The largest upward contribution to the monthly change in both Consumer Prices Index including owner occupiers’ housing costs (CPIH) and Consumer Prices Index (CPI) annual rates came from housing and household services (principally higher gas and electricity charges), while the largest downward contribution came from furniture and household goods, and food and non-alcoholic beverages. (Source: Office for National Statistics)

  • High inflation is having a big impact on the broking market, particularly in the personal lines sector which has been hardest hit by the cost-of-living crisis. (Source: Insurance Times)
  • Across the financial services sector, more than half (56%) of executives believe inflationary pressures will pose the “biggest challenge” for their business in the first quarter, while 46% cited interest rates as the “most pressing challenge”. (Source: Insurance Times)
  • Consumers are now far more motivated by price than a more comprehensive insurance policy. (Source: Confused.com)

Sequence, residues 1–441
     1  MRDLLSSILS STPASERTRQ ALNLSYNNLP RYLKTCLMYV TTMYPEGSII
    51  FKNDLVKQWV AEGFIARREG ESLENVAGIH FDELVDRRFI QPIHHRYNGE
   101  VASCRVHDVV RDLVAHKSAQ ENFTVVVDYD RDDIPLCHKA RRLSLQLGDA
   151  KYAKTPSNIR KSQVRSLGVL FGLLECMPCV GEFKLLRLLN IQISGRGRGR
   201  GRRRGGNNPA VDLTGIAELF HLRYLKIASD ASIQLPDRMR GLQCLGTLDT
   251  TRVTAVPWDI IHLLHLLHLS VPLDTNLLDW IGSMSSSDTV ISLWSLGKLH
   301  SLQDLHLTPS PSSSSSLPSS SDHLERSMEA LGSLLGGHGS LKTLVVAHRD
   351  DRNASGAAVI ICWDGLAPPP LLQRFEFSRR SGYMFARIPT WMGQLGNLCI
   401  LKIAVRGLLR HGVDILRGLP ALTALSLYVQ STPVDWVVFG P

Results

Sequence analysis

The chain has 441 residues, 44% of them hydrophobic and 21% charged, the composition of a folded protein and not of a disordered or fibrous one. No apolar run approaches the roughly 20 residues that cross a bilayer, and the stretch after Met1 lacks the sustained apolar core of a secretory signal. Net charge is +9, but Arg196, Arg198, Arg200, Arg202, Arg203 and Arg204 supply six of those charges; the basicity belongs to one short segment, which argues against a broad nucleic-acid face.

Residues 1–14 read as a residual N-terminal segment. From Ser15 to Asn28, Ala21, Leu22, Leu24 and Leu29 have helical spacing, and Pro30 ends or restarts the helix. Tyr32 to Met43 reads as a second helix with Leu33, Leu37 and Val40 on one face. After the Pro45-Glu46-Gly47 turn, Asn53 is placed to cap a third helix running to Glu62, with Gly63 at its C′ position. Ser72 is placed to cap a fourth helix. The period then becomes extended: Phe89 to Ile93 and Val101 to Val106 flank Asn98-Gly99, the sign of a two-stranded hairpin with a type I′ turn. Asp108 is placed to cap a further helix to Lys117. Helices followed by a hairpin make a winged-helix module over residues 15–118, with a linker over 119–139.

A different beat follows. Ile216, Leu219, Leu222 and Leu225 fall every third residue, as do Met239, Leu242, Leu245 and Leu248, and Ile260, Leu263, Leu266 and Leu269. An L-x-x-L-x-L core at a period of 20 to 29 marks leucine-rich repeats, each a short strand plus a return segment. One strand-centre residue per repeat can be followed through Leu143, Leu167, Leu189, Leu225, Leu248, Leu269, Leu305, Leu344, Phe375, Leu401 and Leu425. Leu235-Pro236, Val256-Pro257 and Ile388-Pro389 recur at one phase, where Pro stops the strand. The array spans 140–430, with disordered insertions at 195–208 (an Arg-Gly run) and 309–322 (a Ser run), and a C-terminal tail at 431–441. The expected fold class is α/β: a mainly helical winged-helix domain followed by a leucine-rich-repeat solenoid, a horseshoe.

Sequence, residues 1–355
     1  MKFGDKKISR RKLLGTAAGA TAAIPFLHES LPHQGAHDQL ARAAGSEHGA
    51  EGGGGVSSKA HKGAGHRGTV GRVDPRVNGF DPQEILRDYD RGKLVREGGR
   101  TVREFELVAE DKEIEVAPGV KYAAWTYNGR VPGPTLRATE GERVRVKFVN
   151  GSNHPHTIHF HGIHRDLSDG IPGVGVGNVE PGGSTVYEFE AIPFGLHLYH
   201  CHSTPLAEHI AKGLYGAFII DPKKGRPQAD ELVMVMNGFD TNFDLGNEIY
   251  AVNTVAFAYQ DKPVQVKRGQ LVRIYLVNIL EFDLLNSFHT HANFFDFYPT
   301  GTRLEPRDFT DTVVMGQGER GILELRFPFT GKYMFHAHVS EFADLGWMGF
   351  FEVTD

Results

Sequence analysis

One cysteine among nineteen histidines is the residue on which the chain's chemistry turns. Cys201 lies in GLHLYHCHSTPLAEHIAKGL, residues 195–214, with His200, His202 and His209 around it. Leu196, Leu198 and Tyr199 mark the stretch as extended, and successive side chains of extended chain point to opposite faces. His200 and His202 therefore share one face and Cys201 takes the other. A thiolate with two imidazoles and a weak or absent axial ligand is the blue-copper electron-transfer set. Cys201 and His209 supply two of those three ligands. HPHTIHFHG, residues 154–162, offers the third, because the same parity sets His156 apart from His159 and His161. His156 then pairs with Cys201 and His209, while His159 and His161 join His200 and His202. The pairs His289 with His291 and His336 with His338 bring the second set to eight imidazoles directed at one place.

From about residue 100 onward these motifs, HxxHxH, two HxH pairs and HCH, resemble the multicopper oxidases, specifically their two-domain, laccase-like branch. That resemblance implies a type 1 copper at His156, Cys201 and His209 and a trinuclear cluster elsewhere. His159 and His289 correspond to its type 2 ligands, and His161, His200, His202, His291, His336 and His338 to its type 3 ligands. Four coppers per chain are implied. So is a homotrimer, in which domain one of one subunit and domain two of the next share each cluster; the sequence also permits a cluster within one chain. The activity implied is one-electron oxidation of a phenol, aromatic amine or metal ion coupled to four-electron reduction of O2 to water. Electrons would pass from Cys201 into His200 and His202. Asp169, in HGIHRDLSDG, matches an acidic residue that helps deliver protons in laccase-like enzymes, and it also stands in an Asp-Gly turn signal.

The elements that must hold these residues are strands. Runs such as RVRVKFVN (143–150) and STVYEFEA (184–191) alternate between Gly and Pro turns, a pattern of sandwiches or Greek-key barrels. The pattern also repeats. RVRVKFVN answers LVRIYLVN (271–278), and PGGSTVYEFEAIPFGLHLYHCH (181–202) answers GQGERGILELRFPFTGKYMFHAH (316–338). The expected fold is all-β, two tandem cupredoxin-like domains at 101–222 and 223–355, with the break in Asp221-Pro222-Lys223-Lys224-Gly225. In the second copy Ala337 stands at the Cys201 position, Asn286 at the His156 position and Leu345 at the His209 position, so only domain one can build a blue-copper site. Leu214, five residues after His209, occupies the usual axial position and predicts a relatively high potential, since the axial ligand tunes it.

Supply chain disruption

Government actions affecting supply chains look to have an increased reach and impact in 2024. (Source: Moody's Analytics)

Trade embargoes, labour shortages, ESG concerns and a rise in regulations continue to present significant risks to supply chains. (Source: Orkestra)

Organisations must now fortify themselves against disruptive political and environmental challenges that pose a threat to supply chains. (Source: BCI)

Organisations will need to adapt their disaster recovery, business continuity, and emergency plans while leveraging state-of-the-art technology and fostering collaboration with integrated logistics partners. (Source: BCI)

  • Supply chain disruption intensifies demand for businesses to have the correct business interruption insurance cover in place. 
  • Despite an easing of post-pandemic supply chain disruption in 2023, and risk management actions taken by companies, business interruption (31%) retains its position as the second biggest threat after cyber incidents. (Source: Allianz)